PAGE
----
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Catalytic cracking

Its widely used in the crude oil refining industry to convert viscous feedstocks into more valuable naphtha and lighter products

Catalytic cracking

Catalytic cracking breaks complex hydrocarbons into simpler molecules in order to increase the quality and quantity of lighter, more desirable products and decrease the amount of residuals.

This process rearranges the molecular structure of hydrocarbon compounds to convert heavy hydrocarbon feedstock into lighter fractions such as kerosene, gasoline, LPG, heating oil, and petrochemical feedstock.

Catalytic cracking is similar to thermal cracking except that catalysts facilitate the conversion of the heavier molecules into lighter products.

Use of a catalyst (a material that assists a chemical reaction but does not take part in it) in the cracking reaction increases the yield of improved-quality products under much less severe operating conditions than in thermal cracking.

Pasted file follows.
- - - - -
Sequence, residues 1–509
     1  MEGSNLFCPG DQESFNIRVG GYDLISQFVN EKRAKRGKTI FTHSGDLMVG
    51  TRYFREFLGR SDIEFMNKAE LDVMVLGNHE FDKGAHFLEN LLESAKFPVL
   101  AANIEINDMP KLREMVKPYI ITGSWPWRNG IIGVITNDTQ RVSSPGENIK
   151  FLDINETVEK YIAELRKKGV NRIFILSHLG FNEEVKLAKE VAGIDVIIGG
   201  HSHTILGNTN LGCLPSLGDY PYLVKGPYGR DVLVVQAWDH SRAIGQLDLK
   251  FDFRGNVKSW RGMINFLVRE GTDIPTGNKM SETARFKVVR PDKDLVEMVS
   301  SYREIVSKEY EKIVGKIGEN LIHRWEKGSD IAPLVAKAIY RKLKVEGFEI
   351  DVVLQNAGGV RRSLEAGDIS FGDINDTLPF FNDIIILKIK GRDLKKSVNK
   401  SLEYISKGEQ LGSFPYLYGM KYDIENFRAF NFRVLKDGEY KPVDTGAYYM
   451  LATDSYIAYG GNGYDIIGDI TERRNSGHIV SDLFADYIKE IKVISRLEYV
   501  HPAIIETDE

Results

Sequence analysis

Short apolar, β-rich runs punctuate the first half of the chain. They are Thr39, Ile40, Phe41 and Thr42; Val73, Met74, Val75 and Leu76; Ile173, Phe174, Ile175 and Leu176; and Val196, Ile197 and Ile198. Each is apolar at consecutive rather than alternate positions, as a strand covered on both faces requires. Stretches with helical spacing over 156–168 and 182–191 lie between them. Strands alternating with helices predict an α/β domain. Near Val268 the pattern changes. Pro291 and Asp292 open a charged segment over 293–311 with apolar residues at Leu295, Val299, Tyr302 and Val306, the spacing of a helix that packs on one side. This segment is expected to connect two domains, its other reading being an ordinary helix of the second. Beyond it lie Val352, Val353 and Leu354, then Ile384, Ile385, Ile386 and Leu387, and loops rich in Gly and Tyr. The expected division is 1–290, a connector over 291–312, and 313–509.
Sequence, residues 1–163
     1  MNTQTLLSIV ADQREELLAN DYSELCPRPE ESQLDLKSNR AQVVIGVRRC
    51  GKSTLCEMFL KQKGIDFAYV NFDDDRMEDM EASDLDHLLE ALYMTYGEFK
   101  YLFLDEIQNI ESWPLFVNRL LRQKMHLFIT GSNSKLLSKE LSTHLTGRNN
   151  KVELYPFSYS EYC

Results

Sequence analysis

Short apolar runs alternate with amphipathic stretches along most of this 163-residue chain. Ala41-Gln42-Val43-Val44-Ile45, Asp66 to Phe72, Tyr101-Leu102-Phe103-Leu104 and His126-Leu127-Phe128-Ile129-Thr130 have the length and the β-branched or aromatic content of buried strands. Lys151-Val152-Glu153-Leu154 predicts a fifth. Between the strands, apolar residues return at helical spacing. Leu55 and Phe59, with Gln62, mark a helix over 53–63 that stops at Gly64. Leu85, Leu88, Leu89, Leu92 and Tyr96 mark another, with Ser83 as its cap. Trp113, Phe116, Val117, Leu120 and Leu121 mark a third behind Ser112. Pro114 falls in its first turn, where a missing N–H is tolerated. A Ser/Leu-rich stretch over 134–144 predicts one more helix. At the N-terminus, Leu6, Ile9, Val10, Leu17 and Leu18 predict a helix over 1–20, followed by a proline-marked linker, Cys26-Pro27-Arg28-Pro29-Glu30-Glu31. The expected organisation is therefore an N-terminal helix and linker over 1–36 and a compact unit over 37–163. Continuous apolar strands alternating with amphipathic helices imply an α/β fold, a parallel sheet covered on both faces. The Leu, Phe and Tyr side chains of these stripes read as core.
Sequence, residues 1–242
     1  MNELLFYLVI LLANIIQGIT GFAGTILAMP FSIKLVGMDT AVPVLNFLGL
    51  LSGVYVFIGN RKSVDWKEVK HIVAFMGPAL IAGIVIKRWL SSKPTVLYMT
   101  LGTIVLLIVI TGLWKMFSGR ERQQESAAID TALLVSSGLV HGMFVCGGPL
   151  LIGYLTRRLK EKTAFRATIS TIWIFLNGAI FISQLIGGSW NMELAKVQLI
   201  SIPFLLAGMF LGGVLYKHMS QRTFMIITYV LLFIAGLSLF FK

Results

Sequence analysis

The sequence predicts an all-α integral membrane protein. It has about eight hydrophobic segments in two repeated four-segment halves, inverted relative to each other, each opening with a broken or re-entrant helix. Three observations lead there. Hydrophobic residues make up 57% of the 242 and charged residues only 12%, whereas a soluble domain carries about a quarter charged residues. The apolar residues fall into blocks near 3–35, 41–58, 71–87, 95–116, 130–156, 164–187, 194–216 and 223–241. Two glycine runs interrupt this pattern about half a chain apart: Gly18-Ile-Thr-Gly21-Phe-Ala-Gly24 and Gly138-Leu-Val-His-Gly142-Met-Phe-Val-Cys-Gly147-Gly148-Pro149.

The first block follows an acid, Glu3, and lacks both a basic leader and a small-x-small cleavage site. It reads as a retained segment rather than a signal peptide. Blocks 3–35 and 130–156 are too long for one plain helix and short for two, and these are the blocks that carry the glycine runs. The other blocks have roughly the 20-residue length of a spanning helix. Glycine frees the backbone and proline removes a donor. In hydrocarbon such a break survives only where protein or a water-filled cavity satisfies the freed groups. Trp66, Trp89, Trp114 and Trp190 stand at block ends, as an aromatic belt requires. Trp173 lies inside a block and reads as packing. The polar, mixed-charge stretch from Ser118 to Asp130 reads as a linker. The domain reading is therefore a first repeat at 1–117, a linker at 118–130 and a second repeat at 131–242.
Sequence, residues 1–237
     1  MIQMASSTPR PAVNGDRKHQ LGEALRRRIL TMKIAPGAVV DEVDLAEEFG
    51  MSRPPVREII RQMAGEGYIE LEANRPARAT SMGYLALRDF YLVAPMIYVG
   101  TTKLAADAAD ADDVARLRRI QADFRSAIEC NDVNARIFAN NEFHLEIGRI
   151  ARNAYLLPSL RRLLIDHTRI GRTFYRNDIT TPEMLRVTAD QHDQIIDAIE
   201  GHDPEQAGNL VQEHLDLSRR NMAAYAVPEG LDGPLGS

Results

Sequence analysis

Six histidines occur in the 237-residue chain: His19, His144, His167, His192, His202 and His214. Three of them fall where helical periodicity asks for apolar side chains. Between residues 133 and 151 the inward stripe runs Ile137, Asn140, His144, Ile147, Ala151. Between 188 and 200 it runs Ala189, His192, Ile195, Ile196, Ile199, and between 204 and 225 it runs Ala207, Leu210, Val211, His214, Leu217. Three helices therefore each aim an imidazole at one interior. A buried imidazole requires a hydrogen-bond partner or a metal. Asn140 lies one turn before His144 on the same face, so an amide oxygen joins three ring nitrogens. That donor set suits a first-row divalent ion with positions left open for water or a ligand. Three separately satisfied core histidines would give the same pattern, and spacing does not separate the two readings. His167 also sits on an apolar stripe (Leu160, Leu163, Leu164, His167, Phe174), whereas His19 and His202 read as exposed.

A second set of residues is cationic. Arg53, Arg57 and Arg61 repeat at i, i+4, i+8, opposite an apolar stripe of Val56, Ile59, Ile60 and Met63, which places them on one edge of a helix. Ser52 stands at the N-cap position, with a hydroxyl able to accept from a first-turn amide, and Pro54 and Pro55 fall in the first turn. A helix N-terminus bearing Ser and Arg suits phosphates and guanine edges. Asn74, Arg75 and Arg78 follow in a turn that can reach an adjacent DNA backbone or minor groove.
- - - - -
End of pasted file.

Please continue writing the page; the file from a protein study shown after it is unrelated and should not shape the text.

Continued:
Typical temperatures are from 850°-950° F at much lower pressures of 10-20 psi.
The catalysts used in refinery cracking units are typically solid materials (zeolite, aluminum hydrosilicate, treated bentonite clay, fuller’s earth, bauxite, silica-alumina) that come in the form of powders, beads, pellets or shaped materials called extrudites.

There are 3 basic functions in the catalytic racking process:
  • Reaction – Feedstock reacts with catalyst and cracks into different hydrocarbons
  • Regeneration – Catalyst is reactivated by burning off coke; and
  • Fractionation – Cracked hydrocarbon stream is separated into various products
The 3 types of catalytic cracking processes are :
  • fluid catalytic cracking (FCC)
  • moving-bed catalytic cracking
  • thermofor catalytic cracking (TCC)
The catalytic cracking process is very flexible, and operating parameters can be adjusted to meet changing product demand.
In addition to cracking, catalytic activities include dehydrogenation, hydrogenation, and isomerization.